Senior Studio Duo Turn One Room into Two Collections

A Surprised senior studio audience got a second helping of The Collection when the artists orchestrated a small demolition project.

Alexander Voight

A Surprised senior studio audience got a second helping of The Collection when the artists’ orchestrated a small demolition project.

Michelle Polyak, Staff Writer

It is not unusual for artists to alter familiar spaces dramatically as part of their projects, but rarely is this transformation as extreme as last week’s Senior Studio Show, The Collection, which appropriately fell on Friday the 13th. The Collection represented the collaboration of College seniors Chase Stone and Gregory Wikstrom, and the two integrated their aesthetic vocabularies so fluidly that distinguishing between their contributions was impossible. Indeed, Stone commented, “I found that Gregory and I were able to amalgamate our skills into a cohesive project. We made each other better artists because of our process.”

Stone and Wikstrom literally reinvented the space of Fisher Gallery, separating it into two rooms through the construction of a temporary wall. They likewise obstructed one of the entrances with a false wall that both disoriented our interaction with the familiar space and re-routed our movements.

Behind the obstructed entrance, in the space fabricated for the show, a phone sat on a desk along with a computer keyboard. A plaque removed from the far side of Fisher was re-hung, jarringly, alongside a clock and decoy camera that connected to a feed projecting the video onto a screen inside the first room inside of the gallery.

Whispers of “an expansion” drew a curious audience to the show early on, and, around 8:30 p.m. College senior Daniel Dudley broke a hole through the wall with a hammer, allowing viewers to enter the second room for the first time.

The first room contained tables with various disassembled artifacts like old cameras, projectors, dismantled typewriters, photos and projected images on the walls. All of the objects found in the first room are a part of The Collection. Along the northern wall, Stone and Wikstrom sequestered a bench with three TV screens playing a live feed of the people in the second room. Cameras were placed in various corners of the room, allowing people to see what was happening everywhere in Fisher Gallery, except of course the room they were in.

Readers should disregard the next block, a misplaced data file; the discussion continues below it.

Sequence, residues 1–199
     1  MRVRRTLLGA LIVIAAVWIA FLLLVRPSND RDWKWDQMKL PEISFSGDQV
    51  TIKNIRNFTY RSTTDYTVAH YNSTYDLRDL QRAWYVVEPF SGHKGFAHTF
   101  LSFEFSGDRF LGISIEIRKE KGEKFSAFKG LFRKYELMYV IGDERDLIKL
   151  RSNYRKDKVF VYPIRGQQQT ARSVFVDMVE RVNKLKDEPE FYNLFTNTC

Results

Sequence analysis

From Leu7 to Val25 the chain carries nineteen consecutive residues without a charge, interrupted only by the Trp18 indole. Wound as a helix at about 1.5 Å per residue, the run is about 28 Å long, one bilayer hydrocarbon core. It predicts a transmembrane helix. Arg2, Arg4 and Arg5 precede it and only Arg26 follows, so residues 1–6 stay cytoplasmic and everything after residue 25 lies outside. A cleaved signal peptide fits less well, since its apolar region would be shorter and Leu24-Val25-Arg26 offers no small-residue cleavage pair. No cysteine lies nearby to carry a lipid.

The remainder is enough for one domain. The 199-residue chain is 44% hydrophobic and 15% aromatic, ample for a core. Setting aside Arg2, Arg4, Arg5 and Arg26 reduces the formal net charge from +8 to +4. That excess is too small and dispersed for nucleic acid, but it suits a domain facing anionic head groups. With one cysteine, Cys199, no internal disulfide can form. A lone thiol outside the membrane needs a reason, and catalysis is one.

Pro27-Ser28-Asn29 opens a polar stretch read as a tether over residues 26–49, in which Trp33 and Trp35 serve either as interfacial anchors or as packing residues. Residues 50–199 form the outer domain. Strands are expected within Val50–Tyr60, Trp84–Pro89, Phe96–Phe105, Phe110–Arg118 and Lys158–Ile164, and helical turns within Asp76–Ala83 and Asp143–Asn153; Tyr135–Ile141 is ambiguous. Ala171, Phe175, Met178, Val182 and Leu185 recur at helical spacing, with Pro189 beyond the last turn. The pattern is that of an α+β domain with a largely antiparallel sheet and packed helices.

In the second room Stone and Wikstrom constructed a corrugated zinc tent with bedding and blue light inside of it. The interior walls of the tent were littered by post-its and nonsensical rhetorical fragments, while its exterior was surrounded by a chaotic display of papers and other disparate collected items like tape decks and recorders. In one corner of the second room stood four television screens projecting footage from the cameras in the first room. Alongside the screens, posters of cars and Fabio-esque musclemen adorned the white walls.

Stone explained, “The concept behind our project arose from walking down the street. We observed little moments, pockets of space that were closed off, thus inviting our eyes to explore them. Personally, I was very inspired by Everyman’s Infinite Art, an exhibition at Chapman University in the 1960s. [Ilya] Kabakov’s work in Marfa was also a mutual inspiration.”

In December, at the Senior Studio Halftime show, the duo installed a single room with a screen showing a live feed from a camera placed outside of it, and the pieces that make up the collection show clear development from this early conception.

The explicit theme seen throughout Stone and Wikstrom’s project is surveillance. The Collection explores the omnipresence of surveillance in our everyday world. In their artists’ statement, Stone and Wikstrom claim, “Security objects affect our perception of public and private space, whether or not we are aware.”

The show forces viewers to interact with what they are seeing because they become an integral part of what is presented through the cameras filming almost all parts inside of the gallery.

The artists’ statement explains, “We created a space that would embody the ambiguous dialogical relationship between observer and observed, mechanized security processes and the organic humanexperiences machines attempt to facilitate.”

Stone commented, “I was satisfied [with the show] because I felt a strong critical engagement. People came up to me to after the show to discuss the way they felt in the space.”